The true scientific significance of a group of unusual : GMAT Critical Reasoning (CR)
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The true scientific significance of a group of unusual

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Manager
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The true scientific significance of a group of unusual [#permalink]

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New post 26 Dec 2003, 07:38
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The true scientific significance of a group of unusual fossils discovered by the paleontologist Charles Walcott is more likely to be reflected in a recent classification than it was in Walcott's own classification, Walcott was, after all, a prominent member of the scientific establishment. His classifications are thus unlikely to have done anything but confirm what established science had already taken to be true.


Which one of the following most accurately describes a questionable technique used in the argument?

(A) It draws conclusions about the merit of a position and about the content of that position from evidence about the position's source.

(B) It cites two prices of evidence, each of which is both questionable and unverifiable, and uses this evidence to support its conclusions.

(C) It bases a conclusion on two premises that contradict each other and minimizes this contradiction by the vagueness of the terms employed.

(D) It attempts to establish the validity of a claim, which is otherwise unsupported, by denying the truth of the opposite of that claim.

(E) It analyzes the past on the basis of social and political categories that properly apply only to the present and uses the results of this analysis to support its conclusion.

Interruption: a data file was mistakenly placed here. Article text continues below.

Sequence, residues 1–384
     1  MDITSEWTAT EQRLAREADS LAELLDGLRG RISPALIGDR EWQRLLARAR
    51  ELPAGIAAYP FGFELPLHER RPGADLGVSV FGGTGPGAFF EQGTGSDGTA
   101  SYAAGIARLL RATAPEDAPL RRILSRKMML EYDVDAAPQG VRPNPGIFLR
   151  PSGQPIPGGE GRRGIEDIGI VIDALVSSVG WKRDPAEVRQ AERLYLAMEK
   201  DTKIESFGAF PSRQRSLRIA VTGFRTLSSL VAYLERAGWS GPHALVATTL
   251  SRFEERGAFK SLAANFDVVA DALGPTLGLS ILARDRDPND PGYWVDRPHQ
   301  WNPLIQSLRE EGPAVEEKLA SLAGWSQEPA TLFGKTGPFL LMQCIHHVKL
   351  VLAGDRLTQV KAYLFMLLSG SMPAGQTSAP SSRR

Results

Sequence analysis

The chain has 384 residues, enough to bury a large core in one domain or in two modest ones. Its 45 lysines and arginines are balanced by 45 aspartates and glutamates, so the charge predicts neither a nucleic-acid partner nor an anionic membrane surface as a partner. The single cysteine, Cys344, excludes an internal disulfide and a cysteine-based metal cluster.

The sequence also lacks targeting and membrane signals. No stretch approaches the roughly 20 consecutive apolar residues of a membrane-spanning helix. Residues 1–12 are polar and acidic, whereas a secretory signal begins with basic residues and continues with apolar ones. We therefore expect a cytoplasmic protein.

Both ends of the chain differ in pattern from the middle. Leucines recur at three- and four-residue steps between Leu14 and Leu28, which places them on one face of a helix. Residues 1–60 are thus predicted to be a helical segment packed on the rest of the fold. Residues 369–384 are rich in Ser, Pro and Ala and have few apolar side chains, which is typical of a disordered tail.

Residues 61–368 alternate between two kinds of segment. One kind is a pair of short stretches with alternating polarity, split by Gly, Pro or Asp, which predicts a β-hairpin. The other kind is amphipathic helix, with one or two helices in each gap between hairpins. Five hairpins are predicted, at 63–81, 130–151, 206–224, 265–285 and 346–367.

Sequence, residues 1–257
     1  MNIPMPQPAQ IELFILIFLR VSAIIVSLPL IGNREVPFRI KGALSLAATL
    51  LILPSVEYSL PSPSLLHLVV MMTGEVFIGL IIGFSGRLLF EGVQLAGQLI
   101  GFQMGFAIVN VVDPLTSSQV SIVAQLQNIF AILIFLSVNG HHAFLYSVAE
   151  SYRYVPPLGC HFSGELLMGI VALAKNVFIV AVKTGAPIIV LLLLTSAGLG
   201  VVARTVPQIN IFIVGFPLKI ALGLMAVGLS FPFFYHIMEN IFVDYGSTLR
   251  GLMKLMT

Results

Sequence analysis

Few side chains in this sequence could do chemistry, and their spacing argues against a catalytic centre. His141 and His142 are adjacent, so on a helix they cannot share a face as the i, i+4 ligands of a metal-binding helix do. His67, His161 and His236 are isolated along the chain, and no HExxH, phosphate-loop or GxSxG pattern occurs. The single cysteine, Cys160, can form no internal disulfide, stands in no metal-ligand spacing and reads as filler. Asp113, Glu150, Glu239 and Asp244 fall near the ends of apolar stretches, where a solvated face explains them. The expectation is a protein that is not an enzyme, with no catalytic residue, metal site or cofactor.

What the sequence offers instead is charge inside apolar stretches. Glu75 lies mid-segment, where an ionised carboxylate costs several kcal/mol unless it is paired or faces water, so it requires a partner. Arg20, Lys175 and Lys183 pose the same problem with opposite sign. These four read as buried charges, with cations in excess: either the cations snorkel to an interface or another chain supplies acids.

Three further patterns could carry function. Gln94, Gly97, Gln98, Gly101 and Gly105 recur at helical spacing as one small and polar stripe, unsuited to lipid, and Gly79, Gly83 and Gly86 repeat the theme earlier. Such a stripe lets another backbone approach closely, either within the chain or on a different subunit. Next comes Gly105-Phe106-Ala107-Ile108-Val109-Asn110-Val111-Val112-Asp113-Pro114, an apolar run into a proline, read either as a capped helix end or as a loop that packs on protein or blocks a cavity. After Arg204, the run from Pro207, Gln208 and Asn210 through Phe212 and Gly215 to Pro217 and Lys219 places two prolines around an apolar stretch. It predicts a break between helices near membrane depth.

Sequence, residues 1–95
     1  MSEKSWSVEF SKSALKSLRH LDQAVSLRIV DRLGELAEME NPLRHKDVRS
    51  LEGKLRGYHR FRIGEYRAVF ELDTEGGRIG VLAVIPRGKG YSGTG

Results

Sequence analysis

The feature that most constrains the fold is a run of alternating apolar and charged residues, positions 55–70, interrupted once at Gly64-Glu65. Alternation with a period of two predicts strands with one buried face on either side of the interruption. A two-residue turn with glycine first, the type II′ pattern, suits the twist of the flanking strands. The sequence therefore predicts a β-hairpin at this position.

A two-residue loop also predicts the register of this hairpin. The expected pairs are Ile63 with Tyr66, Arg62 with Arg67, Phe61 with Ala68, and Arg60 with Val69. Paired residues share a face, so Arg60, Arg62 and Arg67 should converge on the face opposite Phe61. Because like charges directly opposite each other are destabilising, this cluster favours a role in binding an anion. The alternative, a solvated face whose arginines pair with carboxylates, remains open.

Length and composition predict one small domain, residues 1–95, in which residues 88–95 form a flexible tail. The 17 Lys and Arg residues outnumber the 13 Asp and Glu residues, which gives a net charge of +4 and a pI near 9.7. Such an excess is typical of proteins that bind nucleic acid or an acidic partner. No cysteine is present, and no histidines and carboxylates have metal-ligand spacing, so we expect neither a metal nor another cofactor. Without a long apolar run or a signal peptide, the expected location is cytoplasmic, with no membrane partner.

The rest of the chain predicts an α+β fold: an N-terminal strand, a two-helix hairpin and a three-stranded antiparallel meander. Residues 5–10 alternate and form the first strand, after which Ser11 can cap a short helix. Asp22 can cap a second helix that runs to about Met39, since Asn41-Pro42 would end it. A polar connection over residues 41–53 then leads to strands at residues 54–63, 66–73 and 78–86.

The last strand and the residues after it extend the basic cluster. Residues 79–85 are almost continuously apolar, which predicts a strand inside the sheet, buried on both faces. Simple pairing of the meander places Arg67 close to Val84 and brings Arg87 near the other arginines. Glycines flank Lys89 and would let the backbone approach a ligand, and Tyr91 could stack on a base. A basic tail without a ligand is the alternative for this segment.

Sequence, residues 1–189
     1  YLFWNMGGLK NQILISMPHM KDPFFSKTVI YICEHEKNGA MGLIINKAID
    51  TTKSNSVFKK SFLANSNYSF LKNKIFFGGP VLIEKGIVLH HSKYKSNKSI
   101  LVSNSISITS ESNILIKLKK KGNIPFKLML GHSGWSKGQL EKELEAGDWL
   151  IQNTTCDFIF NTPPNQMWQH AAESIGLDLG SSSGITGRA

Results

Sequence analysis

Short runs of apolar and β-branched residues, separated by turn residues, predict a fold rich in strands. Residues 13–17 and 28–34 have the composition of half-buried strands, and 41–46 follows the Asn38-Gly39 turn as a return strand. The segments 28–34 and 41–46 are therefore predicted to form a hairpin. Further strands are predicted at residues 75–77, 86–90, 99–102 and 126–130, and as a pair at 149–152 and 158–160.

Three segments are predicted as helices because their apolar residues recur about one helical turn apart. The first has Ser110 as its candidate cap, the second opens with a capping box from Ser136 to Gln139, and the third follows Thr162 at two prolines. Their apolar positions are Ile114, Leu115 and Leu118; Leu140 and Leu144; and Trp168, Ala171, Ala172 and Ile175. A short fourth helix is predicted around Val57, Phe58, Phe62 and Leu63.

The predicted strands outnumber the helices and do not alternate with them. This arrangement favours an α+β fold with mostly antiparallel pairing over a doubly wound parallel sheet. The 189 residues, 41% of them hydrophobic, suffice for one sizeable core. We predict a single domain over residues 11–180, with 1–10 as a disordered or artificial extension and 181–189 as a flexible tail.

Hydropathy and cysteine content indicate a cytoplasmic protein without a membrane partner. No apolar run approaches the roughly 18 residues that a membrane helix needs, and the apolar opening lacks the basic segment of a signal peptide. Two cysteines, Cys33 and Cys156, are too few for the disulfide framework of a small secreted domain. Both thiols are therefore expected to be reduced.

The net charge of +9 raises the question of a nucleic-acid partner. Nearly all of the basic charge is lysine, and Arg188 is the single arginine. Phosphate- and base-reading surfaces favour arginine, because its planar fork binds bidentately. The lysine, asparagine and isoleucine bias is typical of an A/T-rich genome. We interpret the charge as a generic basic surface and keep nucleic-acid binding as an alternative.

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Director
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New post 26 Dec 2003, 07:48
man, it tool around 3 mins to understand the language, still I am not sure. but came onto something.

is it A??
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New post 26 Dec 2003, 09:36
A). B says that the evidence is "unverifiable". I don't think there is any allusion to the fact that it is unverifiable...
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New post 26 Dec 2003, 14:28
:yes A

The language of A is really difficult to understand.
More often then not, I have observered that options with real difficult language tend to be right :)
Of course, can't depend on such a strategy..
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New post 26 Dec 2003, 14:46
asandeep wrote:
:yes A

The language of A is really difficult to understand.
More often then not, I have observered that options with real difficult language tend to be right :)
Of course, can't depend on such a strategy..


heeee huuu... to an extent, guessing, educated, works :wink:
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Re: The true scientific significance of a group of unusual [#permalink]

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New post 14 Apr 2016, 03:17
I' pretty confident that a is answer.
Re: The true scientific significance of a group of unusual   [#permalink] 14 Apr 2016, 03:17
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